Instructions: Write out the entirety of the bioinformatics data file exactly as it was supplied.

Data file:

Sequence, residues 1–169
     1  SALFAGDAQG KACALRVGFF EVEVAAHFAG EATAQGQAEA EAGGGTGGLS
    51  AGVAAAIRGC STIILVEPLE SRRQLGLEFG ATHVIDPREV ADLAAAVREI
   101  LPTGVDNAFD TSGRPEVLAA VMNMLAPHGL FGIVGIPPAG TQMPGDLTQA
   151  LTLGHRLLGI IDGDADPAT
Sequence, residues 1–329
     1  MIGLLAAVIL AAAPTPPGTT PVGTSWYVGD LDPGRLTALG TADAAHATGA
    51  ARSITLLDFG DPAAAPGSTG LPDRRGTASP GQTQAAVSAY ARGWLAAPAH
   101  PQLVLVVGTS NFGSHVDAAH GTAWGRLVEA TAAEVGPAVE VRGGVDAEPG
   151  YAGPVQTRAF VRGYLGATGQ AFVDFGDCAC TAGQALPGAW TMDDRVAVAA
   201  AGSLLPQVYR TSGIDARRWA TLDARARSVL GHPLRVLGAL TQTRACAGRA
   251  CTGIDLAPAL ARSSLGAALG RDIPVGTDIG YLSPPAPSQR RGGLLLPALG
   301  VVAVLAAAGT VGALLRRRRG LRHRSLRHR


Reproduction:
Sequence, residues 1–169
     1  SALFAGDAQG KACALRVGFF EVEVAAHFAG EATAQGQAEA EAGGGTGGLS
    51  AGVAAAIRGC STIILVEPLE SRRQLGLEFG ATHVIDPREV ADLAAAVREI
   101  LPTGVDNAFD TSGRPEVLAA VMNMLAPHGL FGIVGIPPAG TQMPGDLTQA
   151  LTLGHRLLGI IDGDADPAT
Sequence, residues 1–329
     1  MIGLLAAVIL AAAPTPPGTT PVGTSWYVGD LDPGRLTALG TADAAHATGA
    51  ARSITLLDFG DPAAAPGSTG LPDRRGTASP GQTQAAVSAY ARGWLAAPAH
   101  PQLVLVVGTS NFGSHVDAAH GTAWGRLVEA TAAEVGPAVE VRGGVDAEPG
   151  YAGPVQTRAF VRGYLGATGQ AFVDFGDCAC TAGQALPGAW TMDDRVAVAA
   201  AGSLLPQVYR TSGIDARRWA TLDARARSVL GHPLRVLGAL TQTRACAGRA
   251  CTGIDLAPAL ARSSLGAALG RDIPVGTDIG YLSPPAPSQR RGGLLLPALG
   301  VVAVLAAAGT VGALLRRRRG LRHRSLRHR